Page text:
Paragraphs 124 and 125 of “The 2022-23 Budget” speech report related to “Transport Infrastructure” which mentioned the expansion of the railway network and some of the new railway projects. It also mentioned exploring the layout of railway and major road infrastructure related to the “Hong Kong 2030+: Towards a Planning Vison and Strategy Transcending 2030”.
“The provision of comprehensive infrastructure support is crucial for the implementation of the major development projects mentioned above. Infrastructure-led and capacity building planning approach means that transport infrastructure will be used to drive the development of land. The expansion of the railway network will support NDAs and other new development projects, unleash the development potential of nearby areas and facilitate revitalisation, development and economic activities in the districts. The Government is actively taking forward a series of new railway projects, among which the environmental impact assessment studies for the Northern Link and Hung Shui Kiu Station projects have commenced, while the railway schemes for the Tung Chung Line Extension and Tuen Mun South Extension were already gazetted6.”
“We are exploring the layout of railway and major road infrastructure in the territory, having regard to the development strategy set out in the “Hong Kong 2030+: Towards a Planning Vision and Strategy Transcending 2030”. These studies are conducted to ensure that the planning of infrastructure will cater for, or even reserve capacity to meet, the overall long-term development needs of Hong Kong, including the Development Strategy. Besides, the Transport Department has launched the Traffic and Transport Strategy Study to lay down the visions for Hong Kong’s traffic and transport policies until 2050 and draw up a strategy blueprint, thereby ensuring that Hong Kong can build a safe, reliable, environmentally friendly and efficient traffic and transport system7.”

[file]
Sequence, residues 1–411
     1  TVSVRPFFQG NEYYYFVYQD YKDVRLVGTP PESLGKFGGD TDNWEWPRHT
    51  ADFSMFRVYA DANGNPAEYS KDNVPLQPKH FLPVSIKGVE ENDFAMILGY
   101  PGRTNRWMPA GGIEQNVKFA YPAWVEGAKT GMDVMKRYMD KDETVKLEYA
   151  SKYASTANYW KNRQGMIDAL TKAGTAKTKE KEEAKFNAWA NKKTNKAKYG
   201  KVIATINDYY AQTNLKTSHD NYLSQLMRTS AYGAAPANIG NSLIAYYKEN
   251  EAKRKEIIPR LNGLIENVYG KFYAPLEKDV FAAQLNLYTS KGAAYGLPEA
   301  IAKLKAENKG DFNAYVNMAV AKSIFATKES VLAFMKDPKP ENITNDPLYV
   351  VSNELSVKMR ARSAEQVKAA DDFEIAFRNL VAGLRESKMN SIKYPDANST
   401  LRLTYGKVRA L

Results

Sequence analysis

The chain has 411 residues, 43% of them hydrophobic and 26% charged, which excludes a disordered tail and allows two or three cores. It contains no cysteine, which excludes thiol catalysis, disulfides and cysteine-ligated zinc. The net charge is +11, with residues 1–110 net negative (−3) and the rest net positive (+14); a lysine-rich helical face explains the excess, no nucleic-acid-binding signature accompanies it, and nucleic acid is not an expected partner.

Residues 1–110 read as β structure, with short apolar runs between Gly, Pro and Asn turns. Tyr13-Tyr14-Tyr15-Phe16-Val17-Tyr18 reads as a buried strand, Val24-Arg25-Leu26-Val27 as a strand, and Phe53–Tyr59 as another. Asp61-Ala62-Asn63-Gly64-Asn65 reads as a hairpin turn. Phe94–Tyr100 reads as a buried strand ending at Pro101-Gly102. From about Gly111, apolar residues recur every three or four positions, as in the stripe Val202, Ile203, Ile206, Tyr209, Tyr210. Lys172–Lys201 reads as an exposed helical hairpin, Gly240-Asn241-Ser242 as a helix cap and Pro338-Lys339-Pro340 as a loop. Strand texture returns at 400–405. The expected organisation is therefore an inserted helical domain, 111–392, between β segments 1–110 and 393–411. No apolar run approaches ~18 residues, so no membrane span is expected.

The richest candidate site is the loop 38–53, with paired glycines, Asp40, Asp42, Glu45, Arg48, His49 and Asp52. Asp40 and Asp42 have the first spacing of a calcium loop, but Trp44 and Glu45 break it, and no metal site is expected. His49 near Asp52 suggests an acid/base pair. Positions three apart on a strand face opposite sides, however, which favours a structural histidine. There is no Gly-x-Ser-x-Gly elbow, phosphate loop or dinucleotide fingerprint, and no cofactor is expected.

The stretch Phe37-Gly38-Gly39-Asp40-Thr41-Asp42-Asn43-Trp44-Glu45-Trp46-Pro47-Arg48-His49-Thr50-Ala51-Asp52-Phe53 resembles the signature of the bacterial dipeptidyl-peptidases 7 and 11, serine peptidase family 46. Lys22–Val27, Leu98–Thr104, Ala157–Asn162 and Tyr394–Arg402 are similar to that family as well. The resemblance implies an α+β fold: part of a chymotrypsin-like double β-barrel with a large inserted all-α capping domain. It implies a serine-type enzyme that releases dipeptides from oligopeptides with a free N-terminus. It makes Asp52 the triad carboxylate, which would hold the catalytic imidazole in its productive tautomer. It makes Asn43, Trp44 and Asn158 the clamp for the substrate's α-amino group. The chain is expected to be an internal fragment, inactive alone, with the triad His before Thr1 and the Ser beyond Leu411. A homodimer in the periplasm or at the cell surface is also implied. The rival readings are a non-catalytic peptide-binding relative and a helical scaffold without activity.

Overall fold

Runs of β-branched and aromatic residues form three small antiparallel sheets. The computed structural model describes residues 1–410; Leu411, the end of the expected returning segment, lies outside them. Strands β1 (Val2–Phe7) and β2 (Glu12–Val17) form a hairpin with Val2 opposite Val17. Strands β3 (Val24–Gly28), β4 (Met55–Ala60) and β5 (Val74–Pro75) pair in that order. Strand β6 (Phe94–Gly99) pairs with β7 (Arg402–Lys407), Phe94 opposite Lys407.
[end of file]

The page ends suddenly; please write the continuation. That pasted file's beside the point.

Other Construction Related Budgets
The Government is spending HK$20 billion on sports and recreational facilities as described in paragraph 165 of “The 2022-23 Budget” speech report:
“Besides, we are pressing ahead with the Kai Tak Sports Park project, which is scheduled for completion by the end of next year. We are also actively implementing the $20 billion Five-year Plan for Sports and Recreational Facilities, and taking forward the construction and upgrading of community sports and recreational facilities. Meanwhile, we are progressively carrying out the five-year plan to transform the public play spaces managed by the LCSD8.”
Paragraph 26(e) of “The 2022-23 Budget” speech report mentioned that HK$12 billion has been injected into the Anti-Epidemic Fund (AEF) “for the construction of various anti-epidemic related facilities”.
Paragraphs 150 and 151 of “The 2022-23 Budget” speech report related to “Promote the Adoption of Innovation and Technology in the Construction Industry”. “I allocated $1 billion in 2018 to set up the Construction Innovation and Technology Fund (CITF) to boost the capacity of the construction industry to adopt new technology. After operating for more than three years, the CITF is delivering results. I now propose to inject another $1.2 billion for its ongoing operation and implementation of enhancement measures launched recently, including expanding the funding scope and increasing the funding ceiling9.”